Original URL: http://www.theregister.co.uk/2010/11/23/review_laptop_apple_macbook_air_11in/

Apple MacBook Air 11.6in sub-notebook

The beauty and the boast

By Tony Smith

Posted in Laptops, 23rd November 2010 13:00 GMT

Review I took a look at the 11.6in MacBook Air for Reg Hardware almost a day after the new line-up of skinny Macs was announced. I've now had a chance to use one in earnest - and benchmark it - to see if my initial thoughts are born out by longer term usage.

Apple MacBook Air 11.6in

Apple's MacBook Air 11.6in: smaller and lighter than a netbook, but much more powerful

From both performance and portability perspectives, the 11.6in Air turned out to be better than I'd hoped. I had the bottom-of-the-range 1.4GHz Core 2 Duo SU9400, 2GB 1066MHz DDR 3 memory, 64GB SSD model to play with. The CPU is clearly no Core i - it may be a dual-core chip, but it lacks HypeThreading - yet it can lick any Atom processor you care to name, including the new 1.5GHz two-core, four-thread N550.

The Air, then, is no mere netbook.

And yet it's a darn sight more portable than one. The component that most affects the Air's size is its keyboard - full-size and a joy to use, as is the huge trackpad that puts all those piddly netbook ones to shame. The keyboard is wider than the 1366 x 768 glossy display, which makes the Air in turn larger than most notebooks. It's a good 35mm wider than the 10.1in Asus Eee PC 1015PEM I have on the bench next to it, and slightly deeper.

But, oh, how much thinner and - crucially - lighter it is. The Air's footprint isn't going to trouble anyone, but what might is its thickness and weight, both of which matter if you're carrying a computer around in your hand or under your arm.

I don't think I've ever had a computer that's as comfortable to close and carry as this one. It's 15mm at it's thickest point - the back end - and it's just so easy to hold as you would a folder or a book. Its 1.1kg isn't taxing it all.

Apple MacBook Air 11.6in

Slim is in

The Eee PC, by contrast, is 35mm - more than twice as thick - and that, like the figure I've quoted for the Air, excludes the feet. It feels positively bloated by comparison. It's only 20 per cent heavier, but you notice the extra.

Compromised for size

As I've said, the Air is no netbook, but I can't ignore the deficiencies it has as a result of the pruning Apple has done.

Netbooks tend to be tubby, but 11.6in sub-notebooks are able to be slimmer because, being slightly larger, they have a larger footprint so designers are able to spread components out rather than stack them. The Air is still way thinner and lighter than any of the 11.6in Windows 7 machines I looked at a month or so back - it performs better too - but they, like the Eee PC, have more features.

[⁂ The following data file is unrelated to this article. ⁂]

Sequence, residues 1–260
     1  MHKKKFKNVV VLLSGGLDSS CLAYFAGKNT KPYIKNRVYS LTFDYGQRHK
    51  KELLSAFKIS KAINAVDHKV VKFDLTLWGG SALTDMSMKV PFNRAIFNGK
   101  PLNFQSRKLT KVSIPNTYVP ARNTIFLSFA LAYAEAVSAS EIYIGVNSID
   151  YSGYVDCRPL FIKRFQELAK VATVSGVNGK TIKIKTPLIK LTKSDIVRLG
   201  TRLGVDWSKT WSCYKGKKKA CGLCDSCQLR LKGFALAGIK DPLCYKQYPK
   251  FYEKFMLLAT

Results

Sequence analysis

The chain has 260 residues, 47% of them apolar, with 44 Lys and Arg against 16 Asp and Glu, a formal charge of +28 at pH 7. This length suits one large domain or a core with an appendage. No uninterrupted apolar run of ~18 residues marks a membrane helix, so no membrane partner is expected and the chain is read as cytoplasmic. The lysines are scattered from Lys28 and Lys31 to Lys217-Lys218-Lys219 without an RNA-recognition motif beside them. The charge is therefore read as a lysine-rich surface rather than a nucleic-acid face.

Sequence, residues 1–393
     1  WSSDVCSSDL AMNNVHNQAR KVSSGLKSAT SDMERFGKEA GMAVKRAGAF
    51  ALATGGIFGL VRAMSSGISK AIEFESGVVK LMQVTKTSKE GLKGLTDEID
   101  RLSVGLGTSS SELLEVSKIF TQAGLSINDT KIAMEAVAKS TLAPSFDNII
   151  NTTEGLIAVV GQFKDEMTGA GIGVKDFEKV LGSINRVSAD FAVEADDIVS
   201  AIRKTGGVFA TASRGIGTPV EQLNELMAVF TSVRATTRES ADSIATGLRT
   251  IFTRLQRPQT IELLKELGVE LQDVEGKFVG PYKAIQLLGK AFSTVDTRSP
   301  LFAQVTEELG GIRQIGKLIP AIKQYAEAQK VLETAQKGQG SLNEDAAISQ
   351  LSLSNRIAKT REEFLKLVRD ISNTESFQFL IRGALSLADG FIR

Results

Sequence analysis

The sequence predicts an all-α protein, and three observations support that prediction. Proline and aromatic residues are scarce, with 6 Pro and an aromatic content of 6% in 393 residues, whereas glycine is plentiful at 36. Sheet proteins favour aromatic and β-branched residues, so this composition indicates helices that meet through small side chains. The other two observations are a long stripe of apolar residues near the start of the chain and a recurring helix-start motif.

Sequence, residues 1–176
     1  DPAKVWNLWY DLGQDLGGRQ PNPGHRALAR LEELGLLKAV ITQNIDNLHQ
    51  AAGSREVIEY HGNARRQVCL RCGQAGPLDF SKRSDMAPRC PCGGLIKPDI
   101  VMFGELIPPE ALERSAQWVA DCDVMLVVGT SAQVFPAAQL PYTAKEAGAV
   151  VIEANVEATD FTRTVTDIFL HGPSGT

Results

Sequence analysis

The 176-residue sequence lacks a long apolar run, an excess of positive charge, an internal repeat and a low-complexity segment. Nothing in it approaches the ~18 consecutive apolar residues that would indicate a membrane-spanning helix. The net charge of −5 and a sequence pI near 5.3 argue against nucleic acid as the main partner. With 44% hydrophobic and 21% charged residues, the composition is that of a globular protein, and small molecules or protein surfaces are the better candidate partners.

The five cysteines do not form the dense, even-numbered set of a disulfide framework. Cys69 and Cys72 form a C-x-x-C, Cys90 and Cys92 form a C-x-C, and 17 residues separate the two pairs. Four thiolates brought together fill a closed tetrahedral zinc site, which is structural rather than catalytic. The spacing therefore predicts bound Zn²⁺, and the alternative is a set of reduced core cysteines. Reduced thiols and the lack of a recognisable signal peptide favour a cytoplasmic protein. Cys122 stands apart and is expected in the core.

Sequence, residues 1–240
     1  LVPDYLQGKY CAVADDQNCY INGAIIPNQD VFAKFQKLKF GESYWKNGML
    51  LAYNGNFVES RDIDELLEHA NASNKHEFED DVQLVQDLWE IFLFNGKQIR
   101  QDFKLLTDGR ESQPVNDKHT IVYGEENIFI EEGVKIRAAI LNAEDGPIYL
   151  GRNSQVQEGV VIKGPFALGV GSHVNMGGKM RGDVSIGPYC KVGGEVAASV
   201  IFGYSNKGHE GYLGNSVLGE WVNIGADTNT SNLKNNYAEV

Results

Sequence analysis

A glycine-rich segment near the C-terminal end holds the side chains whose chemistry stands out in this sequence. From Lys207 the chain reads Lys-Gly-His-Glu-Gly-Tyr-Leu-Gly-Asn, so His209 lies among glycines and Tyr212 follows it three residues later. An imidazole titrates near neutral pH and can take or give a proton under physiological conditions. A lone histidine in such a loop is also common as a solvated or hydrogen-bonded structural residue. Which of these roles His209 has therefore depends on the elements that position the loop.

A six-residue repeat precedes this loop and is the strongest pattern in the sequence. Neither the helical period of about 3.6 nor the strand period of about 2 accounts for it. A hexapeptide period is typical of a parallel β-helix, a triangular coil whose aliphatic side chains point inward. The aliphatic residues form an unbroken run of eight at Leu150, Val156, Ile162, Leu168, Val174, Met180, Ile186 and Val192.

Apple MacBook Air 11.6in

The keyboard is full size

The Eee 1215PEM happens to have Gigabit Ethernet, but most netbooks and 11.6-inchers only go up to 100Mb/s, but the Air doesn't even have that. Apple has added a second USB 2.0 port and there's still an external monitor connector - mini DisplayPort - but it couldn't squeeze in the SD card slot that so many rivals and even the 13.3in Air manage to include.

The big question, of course, is whether all that matters. Personally, I've never used a laptop monitor port and never will, and would happily trade it for Ethernet. Other folk do, just as others don't care about a LAN connection because they only have WLANs at home and at work.

Likewise, the fact you can't upgrade the memory is annoying, but given the OS and the realistic lifespan of the hardware - upgrade in 3-4 years' time - it's not a deal breaker. Geeks like us tend up ramp up Ram, but most folk don't. And OS X will run smoothly in 2GB even minus the 256MB or so the GPU grabs for video.

Apple MacBook Air 11.6in

Feature lists aren't the whole story

It's easy to look at a feature list and assume that a longer one is better, but that's not always the case, especially when large parts of it go unused no matter what. The counter argument, of course, is that it's better to have a third USB port, Ethernet, SD, VGA, HDMI and so on, especially when you're paying a premium, and I'm not unsympathetic to that view.

Apple MacBook Air 11.6in

Enough ports - but are they the right ones?

But I have to say, if it's a matter of putting up with the absence of a few use-in-a-blue-moon ports in order to get a machine as sheer darn portable as this one, I'll wave goodbye to them any day.